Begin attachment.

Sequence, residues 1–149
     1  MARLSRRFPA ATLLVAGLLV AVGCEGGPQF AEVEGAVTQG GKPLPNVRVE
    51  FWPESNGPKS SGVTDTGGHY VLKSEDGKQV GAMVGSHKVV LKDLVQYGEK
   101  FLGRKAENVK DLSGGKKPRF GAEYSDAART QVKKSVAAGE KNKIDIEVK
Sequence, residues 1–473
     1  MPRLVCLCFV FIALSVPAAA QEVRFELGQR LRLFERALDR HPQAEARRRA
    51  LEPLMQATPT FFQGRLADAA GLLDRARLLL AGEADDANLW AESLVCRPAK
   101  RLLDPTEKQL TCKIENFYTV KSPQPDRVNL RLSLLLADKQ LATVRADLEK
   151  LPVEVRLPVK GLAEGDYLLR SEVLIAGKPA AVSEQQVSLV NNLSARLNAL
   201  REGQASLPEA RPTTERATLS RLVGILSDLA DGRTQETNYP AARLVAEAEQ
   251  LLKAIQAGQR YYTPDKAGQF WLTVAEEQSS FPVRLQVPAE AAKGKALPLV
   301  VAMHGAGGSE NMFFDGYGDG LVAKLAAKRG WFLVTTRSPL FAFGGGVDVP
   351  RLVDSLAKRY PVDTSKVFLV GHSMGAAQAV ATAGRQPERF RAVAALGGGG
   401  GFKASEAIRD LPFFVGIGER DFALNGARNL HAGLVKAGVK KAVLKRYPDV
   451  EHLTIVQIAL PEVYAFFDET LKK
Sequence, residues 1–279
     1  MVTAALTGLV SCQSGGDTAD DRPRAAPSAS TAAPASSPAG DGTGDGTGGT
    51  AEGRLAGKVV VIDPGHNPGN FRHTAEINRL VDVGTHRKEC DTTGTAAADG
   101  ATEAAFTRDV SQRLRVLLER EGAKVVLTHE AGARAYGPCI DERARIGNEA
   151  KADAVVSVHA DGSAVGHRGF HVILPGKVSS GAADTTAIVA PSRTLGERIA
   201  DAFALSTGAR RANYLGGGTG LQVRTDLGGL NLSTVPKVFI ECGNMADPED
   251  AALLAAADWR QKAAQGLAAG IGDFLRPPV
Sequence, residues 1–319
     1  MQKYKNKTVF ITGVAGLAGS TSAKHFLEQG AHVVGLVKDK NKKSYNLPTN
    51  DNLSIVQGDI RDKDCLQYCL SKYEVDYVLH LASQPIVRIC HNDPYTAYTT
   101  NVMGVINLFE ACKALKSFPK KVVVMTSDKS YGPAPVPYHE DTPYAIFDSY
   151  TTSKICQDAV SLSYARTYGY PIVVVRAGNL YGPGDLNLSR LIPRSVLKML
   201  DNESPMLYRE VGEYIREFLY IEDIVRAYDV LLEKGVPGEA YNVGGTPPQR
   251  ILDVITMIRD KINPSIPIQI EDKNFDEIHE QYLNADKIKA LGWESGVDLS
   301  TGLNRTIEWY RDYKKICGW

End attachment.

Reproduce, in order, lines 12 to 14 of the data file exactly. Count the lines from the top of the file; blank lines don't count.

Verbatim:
   301  VAMHGAGGSE NMFFDGYGDG LVAKLAAKRG WFLVTTRSPL FAFGGGVDVP
   351  RLVDSLAKRY PVDTSKVFLV GHSMGAAQAV ATAGRQPERF RAVAALGGGG
   401  GFKASEAIRD LPFFVGIGER DFALNGARNL HAGLVKAGVK KAVLKRYPDV